Security Web Digest: Most Commonly Exploited Vulnerabilities ... and More

Copy protection vendor to sue Princeton student P2P industry association proposes music encryption scheme Homeland Security may require public companies to disclose security efforts Sony flash memory unit gets fingerprint reader


A security organization, in conjunction with the Department of Homeland Security and security agencies from both the Canadian and British governments, on Wednesday published its fourth annual list of the most commonly exploited Internet vulnerabilities. The SysAdmin Audit Security Network (SANS) Institute, which first rolled out a list four years ago with the FBIs National Infrastructure Protection Center (NIPC), unveiled a pair of Top 10 lists, one noting vulnerabilities within Windows software, the other tagging the top flaws in Linux and Unix programs. The two lists are meant to steer system administrators toward the most widely exploited vulnerabilities, and include details on how they can mitigate risks associated with the vulnerable software.

Intellectual Property

SunnComm Technologies, a developer of CD antipiracy technology, said Thursday that it will likely sue a Princeton student who early this week showed how to evade the companys copy protection by pushing a computers Shift key. Princeton Ph.D. student John "Alex" Halderman published a paper on his Web site on Monday that gave detailed instructions on how to disarm the SunnComm technology, which aims to block unauthorized CD copying and MP3 ripping. The technology is included on an album by Anthony Hamilton that was recently distributed by BMG Music.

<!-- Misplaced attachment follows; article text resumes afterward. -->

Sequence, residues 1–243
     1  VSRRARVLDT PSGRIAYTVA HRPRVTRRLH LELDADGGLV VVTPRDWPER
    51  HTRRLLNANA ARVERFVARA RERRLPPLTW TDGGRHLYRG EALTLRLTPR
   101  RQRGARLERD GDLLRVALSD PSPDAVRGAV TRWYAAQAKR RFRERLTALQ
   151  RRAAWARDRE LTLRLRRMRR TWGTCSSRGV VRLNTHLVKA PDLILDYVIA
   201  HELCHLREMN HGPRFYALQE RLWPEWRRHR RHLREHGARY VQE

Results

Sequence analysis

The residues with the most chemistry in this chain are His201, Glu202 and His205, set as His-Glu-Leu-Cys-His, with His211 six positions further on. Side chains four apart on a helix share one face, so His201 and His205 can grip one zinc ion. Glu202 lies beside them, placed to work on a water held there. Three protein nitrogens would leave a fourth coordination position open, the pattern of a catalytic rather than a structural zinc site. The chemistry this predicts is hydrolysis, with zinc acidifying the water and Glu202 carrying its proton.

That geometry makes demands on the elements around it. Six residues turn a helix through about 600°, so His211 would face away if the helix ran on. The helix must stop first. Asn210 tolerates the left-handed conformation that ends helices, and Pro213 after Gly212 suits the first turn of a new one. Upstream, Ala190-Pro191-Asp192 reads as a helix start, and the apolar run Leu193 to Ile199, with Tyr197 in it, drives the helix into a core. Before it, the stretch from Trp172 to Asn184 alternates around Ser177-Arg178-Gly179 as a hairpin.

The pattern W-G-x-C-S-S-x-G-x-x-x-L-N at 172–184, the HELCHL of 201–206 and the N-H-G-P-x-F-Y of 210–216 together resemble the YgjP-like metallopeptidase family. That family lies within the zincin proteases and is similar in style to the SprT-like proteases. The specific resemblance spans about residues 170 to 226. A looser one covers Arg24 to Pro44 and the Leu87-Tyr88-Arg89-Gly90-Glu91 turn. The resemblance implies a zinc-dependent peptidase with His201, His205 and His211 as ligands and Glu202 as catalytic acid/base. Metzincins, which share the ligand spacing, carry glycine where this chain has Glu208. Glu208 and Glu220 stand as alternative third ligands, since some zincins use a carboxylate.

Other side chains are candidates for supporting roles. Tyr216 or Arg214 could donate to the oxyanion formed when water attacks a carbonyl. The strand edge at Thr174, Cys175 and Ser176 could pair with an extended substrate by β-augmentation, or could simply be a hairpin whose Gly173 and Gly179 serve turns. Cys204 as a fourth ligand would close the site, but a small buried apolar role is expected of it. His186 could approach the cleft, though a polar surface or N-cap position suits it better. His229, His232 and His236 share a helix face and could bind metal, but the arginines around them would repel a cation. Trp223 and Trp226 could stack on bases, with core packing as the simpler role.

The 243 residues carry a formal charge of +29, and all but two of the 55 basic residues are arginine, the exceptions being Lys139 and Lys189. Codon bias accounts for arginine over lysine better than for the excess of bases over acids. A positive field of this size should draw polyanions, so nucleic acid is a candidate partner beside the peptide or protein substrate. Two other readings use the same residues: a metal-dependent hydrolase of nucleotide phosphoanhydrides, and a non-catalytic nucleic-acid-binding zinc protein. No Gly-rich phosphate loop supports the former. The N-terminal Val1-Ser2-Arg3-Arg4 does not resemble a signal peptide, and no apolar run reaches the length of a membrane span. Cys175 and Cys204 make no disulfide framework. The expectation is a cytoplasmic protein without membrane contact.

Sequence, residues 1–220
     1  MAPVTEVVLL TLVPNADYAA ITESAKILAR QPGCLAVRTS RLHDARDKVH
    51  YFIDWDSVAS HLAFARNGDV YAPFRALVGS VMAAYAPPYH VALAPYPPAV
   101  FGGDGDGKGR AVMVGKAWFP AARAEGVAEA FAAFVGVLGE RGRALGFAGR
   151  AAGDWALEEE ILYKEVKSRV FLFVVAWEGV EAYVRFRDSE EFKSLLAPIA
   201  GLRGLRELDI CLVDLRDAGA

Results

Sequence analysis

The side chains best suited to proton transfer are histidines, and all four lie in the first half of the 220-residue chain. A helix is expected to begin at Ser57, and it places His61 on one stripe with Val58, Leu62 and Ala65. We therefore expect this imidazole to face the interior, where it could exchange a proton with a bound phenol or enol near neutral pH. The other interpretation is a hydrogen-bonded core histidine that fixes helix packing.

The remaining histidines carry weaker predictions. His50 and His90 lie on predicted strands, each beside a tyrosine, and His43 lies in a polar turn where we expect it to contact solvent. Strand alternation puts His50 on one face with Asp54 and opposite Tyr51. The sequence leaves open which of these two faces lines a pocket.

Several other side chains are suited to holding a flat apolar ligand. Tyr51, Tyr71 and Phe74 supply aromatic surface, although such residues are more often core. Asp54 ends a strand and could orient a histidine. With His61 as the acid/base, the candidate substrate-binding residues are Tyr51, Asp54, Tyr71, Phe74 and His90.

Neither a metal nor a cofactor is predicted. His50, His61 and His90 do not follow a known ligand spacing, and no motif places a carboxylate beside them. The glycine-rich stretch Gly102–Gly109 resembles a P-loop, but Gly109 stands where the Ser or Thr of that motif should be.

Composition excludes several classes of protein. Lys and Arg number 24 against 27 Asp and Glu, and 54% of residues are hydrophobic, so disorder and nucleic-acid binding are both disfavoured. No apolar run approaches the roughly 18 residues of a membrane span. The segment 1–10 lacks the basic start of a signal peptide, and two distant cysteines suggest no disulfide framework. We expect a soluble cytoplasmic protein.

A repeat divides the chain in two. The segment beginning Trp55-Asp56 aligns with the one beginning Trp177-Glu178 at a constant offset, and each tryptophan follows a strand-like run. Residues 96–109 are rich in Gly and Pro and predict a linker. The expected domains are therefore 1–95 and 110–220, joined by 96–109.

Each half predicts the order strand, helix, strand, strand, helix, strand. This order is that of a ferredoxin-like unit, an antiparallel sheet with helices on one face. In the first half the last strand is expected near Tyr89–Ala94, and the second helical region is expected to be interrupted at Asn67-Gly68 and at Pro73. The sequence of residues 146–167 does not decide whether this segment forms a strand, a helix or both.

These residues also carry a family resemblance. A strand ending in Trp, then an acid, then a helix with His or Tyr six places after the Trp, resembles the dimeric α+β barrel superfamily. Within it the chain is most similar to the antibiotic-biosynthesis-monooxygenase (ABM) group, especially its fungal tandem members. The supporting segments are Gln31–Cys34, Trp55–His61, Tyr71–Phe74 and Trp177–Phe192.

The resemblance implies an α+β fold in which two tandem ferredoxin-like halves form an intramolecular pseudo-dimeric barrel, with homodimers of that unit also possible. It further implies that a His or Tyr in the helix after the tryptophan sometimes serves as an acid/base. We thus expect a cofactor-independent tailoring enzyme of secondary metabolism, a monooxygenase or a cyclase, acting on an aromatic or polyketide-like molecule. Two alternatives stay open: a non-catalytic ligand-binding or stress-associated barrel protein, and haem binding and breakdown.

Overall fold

An industry group that represents Kazaa has proposed a strategy that, if employed, could turn some peer-to-peer file-sharing services into a source of revenue for the recording industry. The Distributed Computing Industry Association (DCIA), which represents Kazaas parent companies Sharman Networks and Altnet, has suggested that music files traded through peer-to-peer networks could be encrypted so that only users who pay an access fee would be able to access the files. The DCIA has argued that the scheme could generate around US$900 million per year for the music industry, but the organization acknowledges that would only be the case if competing file-sharing networks agree to cooperate.

Homeland Security

Publicly traded companies could be required to disclose their efforts to secure information on their computer systems, U.S. Homeland Security Secretary Tom Ridge said on Thursday. "I think we need to talk about some kind of public disclosure, what are you doing about your security, physical and cybersecurity. Tell your shareholders, tell your employees, tell your communities within which you operate, Ridge told the Business Software Alliance, a software-industry trade group. Ridge said he had met with William Donaldson, chairman of the Securities and Exchange Commission, to discuss whether companies should be required to disclose cybersecurity efforts in their SEC filings.


Sony Corp. has developed a version of its Micro Vault USB flash memory storage unit with an integrated fingerprint reader. The Micro Vault with Fingerprint Access has 128MB of memory and will go on sale in the U.S. and Europe in November, said Shinji Obana, a spokesman for Sony in Tokyo. Sony is providing a series of applications that can be used with machines running the Windows operating system to prevent all but registered users from unlocking screen savers, or to provide user-level access to certain files and directories either in the Micro Vault or on the PCs hard disk drive.